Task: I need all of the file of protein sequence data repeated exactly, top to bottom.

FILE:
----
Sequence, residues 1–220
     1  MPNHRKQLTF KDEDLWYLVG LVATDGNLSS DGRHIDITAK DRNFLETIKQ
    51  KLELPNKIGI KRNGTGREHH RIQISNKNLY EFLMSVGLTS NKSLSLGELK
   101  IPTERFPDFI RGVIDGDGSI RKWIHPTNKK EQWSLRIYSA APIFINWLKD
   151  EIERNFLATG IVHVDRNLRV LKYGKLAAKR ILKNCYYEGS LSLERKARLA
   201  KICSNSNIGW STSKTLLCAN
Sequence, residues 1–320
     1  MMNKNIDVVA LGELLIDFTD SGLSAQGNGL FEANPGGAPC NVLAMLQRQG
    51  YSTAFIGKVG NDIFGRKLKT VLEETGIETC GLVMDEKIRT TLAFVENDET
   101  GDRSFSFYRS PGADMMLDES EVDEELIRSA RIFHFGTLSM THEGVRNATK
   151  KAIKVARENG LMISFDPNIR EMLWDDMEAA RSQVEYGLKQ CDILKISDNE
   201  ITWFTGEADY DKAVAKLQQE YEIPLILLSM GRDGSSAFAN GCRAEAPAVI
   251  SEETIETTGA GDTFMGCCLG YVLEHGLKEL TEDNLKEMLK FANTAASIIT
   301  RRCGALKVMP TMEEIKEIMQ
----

Sequence, residues 1–220
     1  MPNHRKQLTF KDEDLWYLVG LVATDGNLSS DGRHIDITAK DRNFLETIKQ
    51  KLELPNKIGI KRNGTGREHH RIQISNKNLY EFLMSVGLTS NKSLSLGELK
   101  IPTERFPDFI RGVIDGDGSI RKWIHPTNKK EQWSLRIYSA APIFINWLKD
   151  EIERNFLATG IVHVDRNLRV LKYGKLAAKR ILKNCYYEGS LSLERKARLA
   201  KICSNSNIGW STSKTLLCAN
Sequence, residues 1–320
     1  MMNKNIDVVA LGELLIDFTD SGLSAQGNGL FEANPGGAPC NVLAMLQRQG
    51  YSTAFIGKVG NDIFGRKLKT VLEETGIETC GLVMDEKIRT TLAFVENDET
   101  GDRSFSFYRS PGADMMLDES EVDEELIRSA RIFHFGTLSM THEGVRNATK
   151  KAIKVARENG LMISFDPNIR EMLWDDMEAA RSQVEYGLKQ CDILKISDNE
   201  ITWFTGEADY DKAVAKLQQE YEIPLILLSM GRDGSSAFAN GCRAEAPAVI
   251  SEETIETTGA GDTFMGCCLG YVLEHGLKEL TEDNLKEMLK FANTAASIIT
   301  RRCGALKVMP TMEEIKEIMQ